German government paves way for CO2 exports – media report
Welt am Sonntag
The German government is preparing the necessary regulatory steps to make it possible to export and store the greenhouse gas carbon dioxide (CO2) in seabeds outside Germany, reports Daniel Wetzel in Welt am Sonntag. To do so, the government plans to ratify international legislation on the prevention of marine pollution (amended Article 6 of the London Protocol), the environment ministry told the newspaper. However, changes in national regulation could still be necessary, said the ministry and added that it expected the European Commission to “re-evaluate” the technology as part of its proposals to reform the EU’s energy and climate policies to reach more ambitious 2030 targets.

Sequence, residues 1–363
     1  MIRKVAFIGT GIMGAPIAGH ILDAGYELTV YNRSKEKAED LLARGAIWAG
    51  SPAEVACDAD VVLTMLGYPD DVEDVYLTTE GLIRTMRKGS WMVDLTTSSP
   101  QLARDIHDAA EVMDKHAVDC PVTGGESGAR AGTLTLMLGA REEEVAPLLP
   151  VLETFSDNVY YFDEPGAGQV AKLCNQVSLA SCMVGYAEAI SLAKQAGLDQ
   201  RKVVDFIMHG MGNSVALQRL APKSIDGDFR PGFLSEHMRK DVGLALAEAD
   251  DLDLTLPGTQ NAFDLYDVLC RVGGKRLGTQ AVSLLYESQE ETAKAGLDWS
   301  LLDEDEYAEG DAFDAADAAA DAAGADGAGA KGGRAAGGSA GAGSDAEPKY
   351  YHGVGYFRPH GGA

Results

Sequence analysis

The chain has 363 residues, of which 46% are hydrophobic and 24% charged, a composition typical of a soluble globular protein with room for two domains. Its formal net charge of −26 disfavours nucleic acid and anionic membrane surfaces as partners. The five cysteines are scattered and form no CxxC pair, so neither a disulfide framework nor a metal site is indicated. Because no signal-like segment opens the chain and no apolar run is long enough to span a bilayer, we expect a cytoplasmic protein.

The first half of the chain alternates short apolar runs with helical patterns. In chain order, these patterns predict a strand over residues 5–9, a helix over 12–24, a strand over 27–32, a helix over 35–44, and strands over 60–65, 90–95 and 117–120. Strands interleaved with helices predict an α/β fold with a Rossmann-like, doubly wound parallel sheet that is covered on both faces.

According to current scenarios, such as those of the Intergovernmental Panel on Climate Change (IPCC), the International Energy Agency (iea) or the think tank Agora Energiewende, underground CO2 storage facilities are essential for achieving climate neutrality because certain sectors, such as agriculture or the cement industry, have only limited options to save CO2. In Germany, carbon capture and storage (CCS) has been viewed very critically, as it has in the past been seen as a way to prolong fossil fuel use. However, the government and other stakeholders are trying to rekindle the debate and ensure support for using the technology at least offshore.